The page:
By George Basharis, J.D.
A magistrate judge recommended the dismissal of breach of warranty, product liability, and prejudgment interest claims against hip implant maker Wright Medical.
In a personal injury lawsuit filed by the recipient of a metal-on-metal hip replacement implant, a federal magistrate judge in Delaware has recommended the dismissal of breach of warranty and common law product liability claims against Wright Medical Technology, Inc. and Wright Medical Group (Wright). The magistrate also recommended the dismissal of claims for prejudgment interest. However, claims for negligent and fraudulent misrepresentation satisfied federal heightened pleading standards and will continue (McCurdy v. Wright Medical Technology, Inc., February 25, 2020, Fallon, S.).
Injury. The patient received a total left hip replacement in 2011 and subsequently experienced severe pain, discomfort, and inflammation. According to the personal injury complaint against Wright, the pain and discomfort were the result of metal poisoning and the loosening of the Wright Medical Hip Implant and Conserve® Cup. The Conserve Cup is a metal-on-metal hip replacement device. The complaint alleged that Wright misrepresented the Conserve Cup as safe and effective despite evidence of the toxicity of metal-on-metal hip replacement products. The patient asserted strict product liability, negligent and fraudulent misrepresentation, and breach of express and implied warranty claims against Wright. He also demanded prejudgment interest. Wright filed a motion to dismiss the claims and a motion to strike the demand for prejudgment interest.
Stating a claim. Wright argued that the complaint failed to state a claim because it did not expressly say that the plaintiff received a Conserve Cup or any other metal-on-metal hip implant. However, the court observed that throughout the complaint the plaintiff alleged that a "Wright Medical Hip Implant and Conserve Cup" injured him. The plaintiff’s failure to specify the "Conserve Cup" did not negate his allegations that the hip implant he received failed and caused his injuries, the court said.
Strict liability. The plaintiff is a resident of and had his hip replacement surgery in Alabama. Wright is a Delaware corporation. Choice of law is important in the case because Delaware recognizes a common law cause of action for strict liability, including design and manufacturing defect claims, while Alabama permits strict liability only under the more limited Alabama Extended Manufacturer’s Liability Doctrine (AEMLD). The court determined that Alabama law should apply to the case because that is where the patient resides and the place where he was injured. Wright’s place of incorporation was not as important. Applying Alabama law, the magistrate court dismissed the "general, freestanding, and overlapping" strict liability claims but it did so without prejudice so that the plaintiff could refile the claims under the AEMLD.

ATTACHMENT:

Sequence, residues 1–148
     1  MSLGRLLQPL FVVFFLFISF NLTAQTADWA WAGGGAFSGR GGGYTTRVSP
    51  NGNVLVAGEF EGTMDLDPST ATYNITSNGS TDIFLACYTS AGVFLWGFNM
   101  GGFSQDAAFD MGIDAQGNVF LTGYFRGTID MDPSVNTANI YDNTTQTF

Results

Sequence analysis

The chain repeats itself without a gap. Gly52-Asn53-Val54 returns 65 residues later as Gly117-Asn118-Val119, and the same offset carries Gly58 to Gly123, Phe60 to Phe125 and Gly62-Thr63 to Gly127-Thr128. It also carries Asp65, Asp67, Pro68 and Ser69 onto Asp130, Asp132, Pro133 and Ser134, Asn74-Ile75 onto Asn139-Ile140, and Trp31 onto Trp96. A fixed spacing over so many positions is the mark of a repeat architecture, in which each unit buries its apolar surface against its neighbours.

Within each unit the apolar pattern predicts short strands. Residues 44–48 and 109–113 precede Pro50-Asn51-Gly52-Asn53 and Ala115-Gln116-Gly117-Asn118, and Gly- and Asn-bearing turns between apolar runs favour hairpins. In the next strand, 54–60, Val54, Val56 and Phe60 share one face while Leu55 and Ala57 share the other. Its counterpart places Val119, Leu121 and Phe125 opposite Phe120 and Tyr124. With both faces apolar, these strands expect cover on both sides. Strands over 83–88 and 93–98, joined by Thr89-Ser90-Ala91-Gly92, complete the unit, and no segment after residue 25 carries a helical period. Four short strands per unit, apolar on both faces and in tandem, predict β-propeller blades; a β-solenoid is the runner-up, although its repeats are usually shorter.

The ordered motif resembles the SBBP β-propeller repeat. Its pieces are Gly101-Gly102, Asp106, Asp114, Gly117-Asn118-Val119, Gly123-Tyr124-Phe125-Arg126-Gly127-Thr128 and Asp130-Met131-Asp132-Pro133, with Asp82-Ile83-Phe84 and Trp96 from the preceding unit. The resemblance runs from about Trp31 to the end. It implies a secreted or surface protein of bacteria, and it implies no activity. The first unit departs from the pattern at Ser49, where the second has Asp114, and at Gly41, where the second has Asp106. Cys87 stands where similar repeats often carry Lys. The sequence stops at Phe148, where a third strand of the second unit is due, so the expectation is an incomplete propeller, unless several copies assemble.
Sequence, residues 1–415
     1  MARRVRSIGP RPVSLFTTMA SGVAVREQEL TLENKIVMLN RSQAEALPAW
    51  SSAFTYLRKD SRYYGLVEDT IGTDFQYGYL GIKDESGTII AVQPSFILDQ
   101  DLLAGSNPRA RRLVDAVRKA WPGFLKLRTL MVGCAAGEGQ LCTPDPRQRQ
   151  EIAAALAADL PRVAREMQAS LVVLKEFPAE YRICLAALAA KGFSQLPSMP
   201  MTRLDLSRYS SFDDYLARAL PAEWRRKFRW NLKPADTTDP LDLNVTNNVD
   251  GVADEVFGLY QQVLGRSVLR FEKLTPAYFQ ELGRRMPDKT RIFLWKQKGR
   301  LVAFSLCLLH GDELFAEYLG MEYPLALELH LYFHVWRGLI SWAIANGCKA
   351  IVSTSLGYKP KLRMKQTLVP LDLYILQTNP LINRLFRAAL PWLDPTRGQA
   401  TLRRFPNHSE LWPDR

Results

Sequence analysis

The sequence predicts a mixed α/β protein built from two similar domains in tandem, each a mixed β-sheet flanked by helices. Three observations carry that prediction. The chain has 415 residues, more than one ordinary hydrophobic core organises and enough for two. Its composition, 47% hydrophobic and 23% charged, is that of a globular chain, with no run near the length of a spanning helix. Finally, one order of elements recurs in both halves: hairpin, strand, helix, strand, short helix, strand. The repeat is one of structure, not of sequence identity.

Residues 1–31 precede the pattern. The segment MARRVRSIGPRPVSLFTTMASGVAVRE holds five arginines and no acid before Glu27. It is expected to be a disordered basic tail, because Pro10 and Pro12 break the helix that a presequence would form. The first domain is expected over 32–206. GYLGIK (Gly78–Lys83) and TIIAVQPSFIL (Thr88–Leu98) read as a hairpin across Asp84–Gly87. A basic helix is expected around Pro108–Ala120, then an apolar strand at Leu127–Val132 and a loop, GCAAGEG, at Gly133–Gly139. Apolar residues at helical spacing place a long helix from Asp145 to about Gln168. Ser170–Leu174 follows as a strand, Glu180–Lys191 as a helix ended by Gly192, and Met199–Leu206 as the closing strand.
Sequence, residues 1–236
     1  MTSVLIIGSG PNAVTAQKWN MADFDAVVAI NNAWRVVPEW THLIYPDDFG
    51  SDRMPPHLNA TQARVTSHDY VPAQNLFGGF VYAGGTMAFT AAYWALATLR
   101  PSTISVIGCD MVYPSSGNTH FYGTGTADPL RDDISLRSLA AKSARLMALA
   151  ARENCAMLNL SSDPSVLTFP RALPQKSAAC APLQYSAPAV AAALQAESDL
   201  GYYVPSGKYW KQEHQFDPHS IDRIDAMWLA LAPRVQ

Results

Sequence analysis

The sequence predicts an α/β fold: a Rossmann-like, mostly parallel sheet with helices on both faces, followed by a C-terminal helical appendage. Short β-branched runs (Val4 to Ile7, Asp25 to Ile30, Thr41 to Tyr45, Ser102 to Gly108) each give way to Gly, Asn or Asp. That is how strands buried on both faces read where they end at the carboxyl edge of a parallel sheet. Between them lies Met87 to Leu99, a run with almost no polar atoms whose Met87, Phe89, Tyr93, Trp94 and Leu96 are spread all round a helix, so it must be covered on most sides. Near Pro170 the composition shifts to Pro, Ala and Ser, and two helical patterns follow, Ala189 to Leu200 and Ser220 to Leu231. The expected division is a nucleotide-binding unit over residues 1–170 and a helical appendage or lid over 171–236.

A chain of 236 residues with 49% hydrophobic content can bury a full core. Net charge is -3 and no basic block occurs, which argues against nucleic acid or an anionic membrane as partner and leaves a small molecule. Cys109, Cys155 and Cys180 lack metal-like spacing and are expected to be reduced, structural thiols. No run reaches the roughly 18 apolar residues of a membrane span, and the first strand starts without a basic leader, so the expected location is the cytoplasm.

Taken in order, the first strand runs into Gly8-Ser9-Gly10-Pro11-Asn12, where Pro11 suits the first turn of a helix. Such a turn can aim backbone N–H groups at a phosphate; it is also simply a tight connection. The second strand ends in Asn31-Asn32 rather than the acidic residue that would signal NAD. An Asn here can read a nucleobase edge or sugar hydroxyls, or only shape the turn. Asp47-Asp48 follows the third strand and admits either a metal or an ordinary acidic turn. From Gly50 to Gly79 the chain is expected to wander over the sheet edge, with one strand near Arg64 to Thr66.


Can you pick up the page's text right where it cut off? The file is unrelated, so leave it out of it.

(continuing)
Fraud. The court determined that the claims for negligent and fraudulent misrepresentation satisfied heightened federal pleading requirements. The court noted that the complaint explicitly averred Wright had knowledge that their hip replacement products, including the Conserve Cup, could fail and lead to injuries, did not disclose possible consequences to doctors or patients, and misrepresented the safety of metal-on-metal hip implants on its website and product brochures.
Breach of warranty. The magistrate determined that the breach of warranty claims were time-barred under Alabama’s statute of limitations for non-consumer goods. The court rejected the unsupported assertion that hip implants were consumer goods under the state Uniform Commercial Code (UCC). Although the state’s highest court has yet to determine the nature of implants under the UCC, the magistrate noted that at least one federal district court in Alabama has found that labeling a medical device as a consumer good was inconsistent with the state UCC’s definition of "consumer good." Consequently, the magistrate reasoned that the weight of authority suggested that the Alabama Supreme Court would find a medical device, such as a hip implant, to be a non-consumer good.
Prejudgment interest. Wright argued that the court should strike the demand for prejudgment interest because damages in the case were not readily ascertainable. The court, applying the Alabama common law rule that prejudgment interest is not permissible in personal injury actions because damages in personal injury cases are unliquidated until the case is resolved, agreed.
The case is Civil Action No. 19-1898-CFC.
Attorneys: R. Joseph Hrubiec (Napoli Shkolnik, LLC) for James McCurdy. Oderah C. Nwaeze (Duane Morris LLP) for Wright Medical Technology, Inc. and Wright Medical Group, Inc.
Companies: Wright Medical Technology, Inc.; Wright Medical Group, Inc.
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